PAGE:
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Foam adapter for Ships machinery spaces

Fire protection on ships is provided by detection and fire-fighting equipment together with structural features which are intended to contain an outbreak of fire and the employment when required of non-combustible materials to prevent its spread.



Foam adaptor
Foam branch pipes (Figure below) which operate in a similar manner to those used in deck installations for tankers, are fitted for use with the hydrants in some machinery spaces and in particular for passenger ferry car decks. These are available in various sizes for operation at a range of pressures and outputs. The foam branch pipe is connected through a hose to the hydrant and the water flow produces a venturi effect which draws up the foam producing liquid through the pick-up tube, from the container. The action also draws in air. Mixing of the three components in the nozzle, causes formation of a jet of foam.

Initially, only water issues from the branch pipe and the nozzle is directed away from the fire until foam appears. When the foam compound is exhausted, water will again appear at the nozzle. Foam continuity is achieved by dropping the pick-up tube in a bucket and keeping the bucket topped up with foam liquid,


Foam adapter
Fig: Foam adapter

Types of portable fire extinguisher

There are four principal types of portable extinguisher usually found on board ship. These are the soda-acid, foam, dry powder and carbon dioxide extinguishers. Details as below :
  1. Soda acid portable fire extinguisher
  2. The container of this extinguisher holds a sodium bicarbonate solution. The screw-on cap contains a plunger mechanism covered by a safety guard.

  3. Foam type portable fire extinguisher
  4. The main container is filled with sodium bicarbonate solution and a long inner polythene container is filled with aluminium sulphate

  5. Dry powder fire extinguishers
  6. The outer container contains sodium bicarbonate powder. A capsule of carbon dioxide gas is located beneath a plunger mechanism in the central cap

  7. CO2 portable fire extinguisher
  8. A very strong container is used to store liquid carbon dioxide under pressure




Fixed fire extinguishing installations

A variety of different fixed fire fighting installations exist, some of which are specifically designed for certain types of ship. A selection of the more general installations will now be outlined.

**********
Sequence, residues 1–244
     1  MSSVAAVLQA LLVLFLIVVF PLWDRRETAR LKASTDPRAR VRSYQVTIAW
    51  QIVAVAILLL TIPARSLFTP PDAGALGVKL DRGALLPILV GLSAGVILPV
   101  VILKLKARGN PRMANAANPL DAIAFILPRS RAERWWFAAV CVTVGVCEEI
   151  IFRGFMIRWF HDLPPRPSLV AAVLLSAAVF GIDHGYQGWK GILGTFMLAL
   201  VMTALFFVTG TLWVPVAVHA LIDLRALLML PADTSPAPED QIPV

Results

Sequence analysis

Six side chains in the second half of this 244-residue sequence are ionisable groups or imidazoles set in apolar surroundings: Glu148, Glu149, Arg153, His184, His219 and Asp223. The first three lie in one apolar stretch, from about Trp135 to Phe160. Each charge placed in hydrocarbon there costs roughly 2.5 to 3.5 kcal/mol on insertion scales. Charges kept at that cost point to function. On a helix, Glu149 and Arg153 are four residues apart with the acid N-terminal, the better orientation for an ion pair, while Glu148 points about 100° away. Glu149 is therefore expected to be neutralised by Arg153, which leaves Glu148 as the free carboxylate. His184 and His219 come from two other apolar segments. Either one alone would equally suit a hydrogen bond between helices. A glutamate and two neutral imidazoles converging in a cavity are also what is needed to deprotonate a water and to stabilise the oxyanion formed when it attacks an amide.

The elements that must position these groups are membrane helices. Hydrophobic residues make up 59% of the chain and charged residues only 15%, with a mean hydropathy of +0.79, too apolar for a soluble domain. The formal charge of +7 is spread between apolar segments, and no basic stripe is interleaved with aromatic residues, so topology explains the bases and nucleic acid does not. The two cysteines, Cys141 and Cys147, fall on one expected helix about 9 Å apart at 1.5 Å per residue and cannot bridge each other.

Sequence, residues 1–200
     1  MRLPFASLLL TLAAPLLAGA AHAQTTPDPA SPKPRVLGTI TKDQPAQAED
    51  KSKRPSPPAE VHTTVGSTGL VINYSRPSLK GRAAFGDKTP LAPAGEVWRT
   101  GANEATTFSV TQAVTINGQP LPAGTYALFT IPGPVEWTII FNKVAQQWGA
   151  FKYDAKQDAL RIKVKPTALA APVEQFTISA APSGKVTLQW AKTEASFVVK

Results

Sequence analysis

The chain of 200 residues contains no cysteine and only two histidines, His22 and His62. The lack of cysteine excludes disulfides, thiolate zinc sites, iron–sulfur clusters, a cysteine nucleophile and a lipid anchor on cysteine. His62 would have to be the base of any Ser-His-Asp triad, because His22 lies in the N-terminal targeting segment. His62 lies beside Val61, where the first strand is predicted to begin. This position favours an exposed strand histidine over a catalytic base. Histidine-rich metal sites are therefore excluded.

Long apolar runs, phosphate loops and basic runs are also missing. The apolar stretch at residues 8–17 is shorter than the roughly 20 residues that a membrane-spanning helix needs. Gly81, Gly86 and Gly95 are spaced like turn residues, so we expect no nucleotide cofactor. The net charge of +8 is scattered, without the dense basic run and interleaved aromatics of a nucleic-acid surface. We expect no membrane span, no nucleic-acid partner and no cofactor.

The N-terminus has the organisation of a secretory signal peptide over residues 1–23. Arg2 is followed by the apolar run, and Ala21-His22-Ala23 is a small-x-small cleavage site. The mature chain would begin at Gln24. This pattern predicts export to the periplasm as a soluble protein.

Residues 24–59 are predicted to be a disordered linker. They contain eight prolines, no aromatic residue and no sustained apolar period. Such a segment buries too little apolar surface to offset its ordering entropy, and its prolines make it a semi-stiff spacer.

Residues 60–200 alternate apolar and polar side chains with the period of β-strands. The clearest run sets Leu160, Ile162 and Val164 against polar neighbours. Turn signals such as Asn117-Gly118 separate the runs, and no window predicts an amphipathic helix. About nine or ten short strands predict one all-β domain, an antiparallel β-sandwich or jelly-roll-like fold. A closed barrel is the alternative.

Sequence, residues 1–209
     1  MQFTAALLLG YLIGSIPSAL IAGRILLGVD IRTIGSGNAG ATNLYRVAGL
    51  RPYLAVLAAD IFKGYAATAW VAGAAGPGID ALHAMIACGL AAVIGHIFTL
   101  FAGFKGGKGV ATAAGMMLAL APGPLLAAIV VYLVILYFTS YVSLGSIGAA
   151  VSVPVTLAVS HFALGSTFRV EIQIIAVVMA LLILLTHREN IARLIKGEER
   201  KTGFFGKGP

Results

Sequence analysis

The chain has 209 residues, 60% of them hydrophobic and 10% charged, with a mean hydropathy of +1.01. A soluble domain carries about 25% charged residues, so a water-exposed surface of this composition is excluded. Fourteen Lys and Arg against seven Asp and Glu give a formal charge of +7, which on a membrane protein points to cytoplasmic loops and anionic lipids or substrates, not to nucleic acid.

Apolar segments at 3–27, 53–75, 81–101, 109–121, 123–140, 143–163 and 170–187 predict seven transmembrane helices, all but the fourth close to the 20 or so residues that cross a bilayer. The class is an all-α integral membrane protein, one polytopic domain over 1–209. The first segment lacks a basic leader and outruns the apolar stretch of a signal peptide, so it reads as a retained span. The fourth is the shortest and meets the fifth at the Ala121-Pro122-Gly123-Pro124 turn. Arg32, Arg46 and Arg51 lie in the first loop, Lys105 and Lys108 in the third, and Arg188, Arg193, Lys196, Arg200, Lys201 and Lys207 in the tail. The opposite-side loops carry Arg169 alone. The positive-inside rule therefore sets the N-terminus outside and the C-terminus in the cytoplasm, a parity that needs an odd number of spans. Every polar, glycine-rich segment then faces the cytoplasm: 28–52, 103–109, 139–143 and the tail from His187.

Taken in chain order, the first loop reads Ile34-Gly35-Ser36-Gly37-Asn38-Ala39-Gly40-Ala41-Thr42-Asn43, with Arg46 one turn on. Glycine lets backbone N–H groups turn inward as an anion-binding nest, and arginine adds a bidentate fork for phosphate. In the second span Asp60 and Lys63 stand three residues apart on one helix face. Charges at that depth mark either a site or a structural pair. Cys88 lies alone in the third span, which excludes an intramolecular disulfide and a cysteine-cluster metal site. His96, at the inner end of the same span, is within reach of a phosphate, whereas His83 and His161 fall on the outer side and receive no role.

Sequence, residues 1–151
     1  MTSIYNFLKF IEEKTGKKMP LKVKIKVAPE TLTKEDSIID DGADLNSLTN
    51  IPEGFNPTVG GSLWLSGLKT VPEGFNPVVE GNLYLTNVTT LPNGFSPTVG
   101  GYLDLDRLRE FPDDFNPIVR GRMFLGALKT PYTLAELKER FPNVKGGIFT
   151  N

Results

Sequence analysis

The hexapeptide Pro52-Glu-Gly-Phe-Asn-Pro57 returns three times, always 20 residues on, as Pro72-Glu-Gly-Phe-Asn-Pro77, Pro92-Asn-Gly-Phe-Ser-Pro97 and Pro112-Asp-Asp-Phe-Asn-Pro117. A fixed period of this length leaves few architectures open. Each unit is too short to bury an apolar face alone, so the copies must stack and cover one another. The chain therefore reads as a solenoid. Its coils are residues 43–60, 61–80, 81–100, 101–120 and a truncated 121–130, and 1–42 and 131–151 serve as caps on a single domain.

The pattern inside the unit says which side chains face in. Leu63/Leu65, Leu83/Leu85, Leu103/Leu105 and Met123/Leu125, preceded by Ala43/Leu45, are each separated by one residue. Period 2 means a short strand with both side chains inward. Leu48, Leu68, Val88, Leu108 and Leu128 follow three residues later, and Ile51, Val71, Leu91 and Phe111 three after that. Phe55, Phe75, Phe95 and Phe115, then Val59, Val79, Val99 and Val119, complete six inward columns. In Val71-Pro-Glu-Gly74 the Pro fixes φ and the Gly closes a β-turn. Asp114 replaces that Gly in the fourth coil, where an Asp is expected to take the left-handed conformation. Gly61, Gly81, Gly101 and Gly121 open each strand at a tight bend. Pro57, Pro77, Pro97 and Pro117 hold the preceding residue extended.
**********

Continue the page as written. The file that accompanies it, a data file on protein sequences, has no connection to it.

1. Fire main system for cargo ships

  2. An outbreak of fire requires a source of ignition, the presence of combustible material and ample oxygen. Of the three factors, oxygen is provided in large quantities in machinery spaces, accommodation, dry cargo holds and tanker pumprooms by ventilation fans. Air supply trunkings are not only a source for a supply of oxygen to feed the fire but also have potential for carrying smoke from one area to another....

  3. Automatic water spray & water mist system for machinery protected area

  4. The automatic spray or sprinker system provides a network of sprinkler heads throughout the protected spaces. This system may be used in accommodation areas, and in machinery spaces with certain variations in the equipment used and the method of operation. ....

  5. Automatic foam induction system for machinery space fire

  6. Foam spreading systems are designed to suit the particular ship's requirements with regard to quantity of foam, areas to be protected, etc. Mechanical foam is the usual substance used, being produced by mixing foam making liquid with large quantities of water. Violent agitation of the mixture in air creates air bubbles in the foam. ...

  7. CO2 fire extinguishing installations for machinery spaces

  8. Fire extinguishing installations employing CO 2 stored under pressure at ambient temperature are extensively used to protect ships' cargo compartments, boiler rooms and machinery spaces. When released the CO 2 is distributed throughout the compartment, so diminishing the relative oxygen content and rendering the atmosphere inert....

  9. Inert gas systems, inert gas generator

  10. Inert gases are those which do not support combustion and are largely nitrogen and carbon dioxide. Large quantities suitable for fire extinguishing can be obtained by burning fuel in carefully measured amounts or by cleaning the exhaust gases from a boiler. ....

  11. Fire fighting Halon system

  12. A Halon storage system would be very similar to one using carbon dioxide except that fewer cylinders would be required. The liquefied Halon is usually pressurised in the cylinders with nitrogen in order to increase the speed of discharge. ....



Other important fire & safety equipments


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